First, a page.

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J Med Genet. 2016 Sep;53(9):634-41. doi: 10.1136/jmedgenet-2015-103576. Epub 2016 Apr 18.

A recurrent mitochondrial p.Trp22Arg NDUFB3 variant causes a distinctive facial appearance, short stature and a mild biochemical and clinical phenotype.

Author information

1
Wellcome Trust Centre for Mitochondrial Research, Institute of Neuroscience, Newcastle University, Newcastle upon Tyne, UK.
2
National Centre for Inherited Metabolic Disorders, Temple Street Children's University Hospital, Dublin, Ireland.
3
Centre for Paediatrics and Child Health, Institute of Human Development, Faculty of Medical & Human Sciences, University of Manchester, & Manchester Academic Health Science Centre, Manchester, UK.
4
Department of Metabolic Paediatrics, Royal Hospital for Sick Children, Belfast, UK.
5
University of Bristol and Bristol Royal Hospital for Children, Bristol, UK.
6
Neurometabolic Unit, National Hospital for Neurology and Neurosurgery, London, UK.
7
Manchester Centre for Genomic Medicine, Central Manchester University Hospitals NHS Foundation Trust, Manchester Academic Health Science Centre, Manchester, UK.
8
Department of Paediatrics, The Royal Children's Hospital, Murdoch Children's Research Institute, University of Melbourne, Parkville, Australia.
9
Institute of Human Genetics, Helmholtz Zentrum München, German Research Center for Environmental Health, Munich, Germany.

Abstract

BACKGROUND:

Isolated Complex I deficiency is the most common paediatric mitochondrial disease presentation, associated with poor prognosis and high mortality. Complex I comprises 44 structural subunits with at least 10 ancillary proteins; mutations in 29 of these have so far been associated with mitochondrial disease but there are limited genotype-phenotype correlations to guide clinicians to the correct genetic diagnosis.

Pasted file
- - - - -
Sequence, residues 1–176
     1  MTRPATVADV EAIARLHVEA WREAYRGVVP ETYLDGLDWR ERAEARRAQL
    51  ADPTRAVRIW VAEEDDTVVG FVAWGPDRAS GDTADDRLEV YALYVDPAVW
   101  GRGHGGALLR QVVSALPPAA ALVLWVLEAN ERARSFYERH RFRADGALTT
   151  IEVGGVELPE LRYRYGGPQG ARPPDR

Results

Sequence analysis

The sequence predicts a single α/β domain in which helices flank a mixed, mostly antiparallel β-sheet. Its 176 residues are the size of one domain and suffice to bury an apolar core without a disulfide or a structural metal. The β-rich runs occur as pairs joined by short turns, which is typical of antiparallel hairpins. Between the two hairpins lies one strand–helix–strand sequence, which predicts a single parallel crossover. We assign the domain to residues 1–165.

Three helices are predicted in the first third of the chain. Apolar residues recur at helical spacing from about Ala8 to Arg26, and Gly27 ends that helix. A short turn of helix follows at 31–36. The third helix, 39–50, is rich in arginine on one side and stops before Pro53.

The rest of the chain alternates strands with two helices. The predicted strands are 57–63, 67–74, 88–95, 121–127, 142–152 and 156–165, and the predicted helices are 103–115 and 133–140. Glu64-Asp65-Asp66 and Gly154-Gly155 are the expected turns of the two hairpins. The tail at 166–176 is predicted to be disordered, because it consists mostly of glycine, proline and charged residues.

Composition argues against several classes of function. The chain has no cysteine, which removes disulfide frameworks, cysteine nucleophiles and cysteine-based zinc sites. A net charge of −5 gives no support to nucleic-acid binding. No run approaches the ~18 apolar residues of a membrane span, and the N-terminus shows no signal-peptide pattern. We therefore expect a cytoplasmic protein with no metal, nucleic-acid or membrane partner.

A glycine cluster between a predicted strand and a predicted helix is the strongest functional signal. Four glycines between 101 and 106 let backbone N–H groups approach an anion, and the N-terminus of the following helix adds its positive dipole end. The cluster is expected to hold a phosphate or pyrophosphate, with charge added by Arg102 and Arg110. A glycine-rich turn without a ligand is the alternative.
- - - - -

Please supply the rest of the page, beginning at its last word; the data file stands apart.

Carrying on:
METHODS:

Patients were analysed by whole-exome sequencing, targeted capture or candidate gene sequencing. Clinical phenotyping of affected individuals was performed.

RESULTS:

We identified a cohort of 10 patients from 8 families (7 families are of unrelated Irish ancestry) all of whom have short stature (<9th centile) and similar facial features including a prominent forehead, smooth philtrum and deep-set eyes associated with a recurrent homozygous c.64T>C, p.Trp22Arg NDUFB3 variant. Two sibs presented with primary short stature without obvious metabolic dysfunction. Analysis of skeletal muscle from three patients confirmed a defect in Complex I assembly.

CONCLUSIONS:

Our report highlights that the long-term prognosis related to the p.Trp22Arg NDUFB3 mutation can be good, even for some patients presenting in acute metabolic crisis with evidence of an isolated Complex I deficiency in muscle. Recognition of the distinctive facial features-particularly when associated with markers of mitochondrial dysfunction and/or Irish ancestry-should suggest screening for the p.Trp22Arg NDUFB3 mutation to establish a genetic diagnosis, circumventing the requirement of muscle biopsy to direct genetic investigations.

KEYWORDS:

complex I deficiency; dysmorphic features; mitochondrial disease; prognosis

PMID:
27091925
PMCID:
PMC5013090
DOI:
10.1136/jmedgenet-2015-103576
[Indexed for MEDLINE]
Free PMC Article

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